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For Immediate Release

Health Worker’s Release Is Positive Step—But Further Action Needed in Bahrain

Cambridge, Mass. - 08/06/2012

Today’s decision by an appeals court in Bahrain to release a hospital worker from prison is a very positive development, but the government must take additional steps if it is to make good on implementing its promised human rights reforms.

The court today reduced to one year the three-year sentence imposed by a military court in June 2011 on Younis Ashoori, a hospital worker convicted for delivering medical supplies to treat protesters wounded in demonstrations against the Bahraini regime. The appeals court’s decision resulted in Ashoori’s immediate release for time served.

“PHR is pleased that Mr. Ashoori can now be reunited with his family and receive the medical attention he needs,” said Richard Sollom, Deputy Director of PHR. “But we call on Bahraini courts to dismiss the cases against all other health professionals convicted merely for following their ethical and professional obligations to treat injured people regardless of their views or activities.”

While 48 medics have been tried in two groups, Ashoori is one of several health professionals tried individually in military court. Two others remain in prison, having exhausted their appeals. Ahmed Almushatat, a health center pharmacist, was sentenced to three years (later reduced to two) for providing medications to injured protesters. Hassan Matooq, a pediatric emergency room nurse and amateur photographer, was sentenced to three years for illegally taking photographs and for participating in a public gathering. PHR has been unable to visit the men in prison, despite repeated requests.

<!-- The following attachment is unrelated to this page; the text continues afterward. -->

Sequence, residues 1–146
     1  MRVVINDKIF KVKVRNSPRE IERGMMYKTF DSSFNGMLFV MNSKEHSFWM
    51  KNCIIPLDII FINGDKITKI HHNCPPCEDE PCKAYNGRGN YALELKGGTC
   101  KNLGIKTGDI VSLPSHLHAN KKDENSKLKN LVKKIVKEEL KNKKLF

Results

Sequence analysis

“None of these health professionals should ever have been arrested,” Sollom said. “Mr. Ashoori should now be exonerated of all charges and permitted to return to his job, and all other health professionals still in prison should be released immediately."

Physicians for Human Rights (PHR) is an independent organization that uses medicine and science to stop mass atrocities and severe human rights violations. We are supported by the expertise and passion of health professionals and concerned citizens alike.

Since 1986, PHR has conducted investigations in more than 40 countries around the world, including Afghanistan, the Democratic Republic of the Congo, Rwanda, Sudan, the United States, the former Yugoslavia, and Zimbabwe.

  • 1986 — Led investigations of torture in Chile gaining freedom for heroic doctors there
  • 1988 — First to document the Iraqi use of chemical weapons on Kurds providing               evidence for prosecution of war criminals
  • 1996 — Exhumed mass graves in the Balkans and Rwanda to provide evidence for               International Criminal Tribunals
  • 1997 — Shared the Nobel Peace Prize for the International Campaign to Ban Landmines
  • 2003 — Warned US Policymakers on health and human rights conditions prior to and               during the invasion of Iraq
  • 2004 — Documented genocide and sexual violence in Darfur in support of international               prosecutions
  • 2010 — Investigated the epidemic of violence spread by Burma’s military junta
  • 2011 — Championed the principle of noninterference with medical services in times of               armed conflict and civil unrest during the Arab Spring
  • 2012 — Trained doctors, lawyers, police, and judges in the Democratic Republic of the               Congo, Kenya, and Syria on the proper collection of evidence in sexual               violence cases
  • 2013 — Won first prize in the Tech Challenge for Atrocity Prevention with MediCapt, our               mobile app that documents evidence of torture and sexual violence

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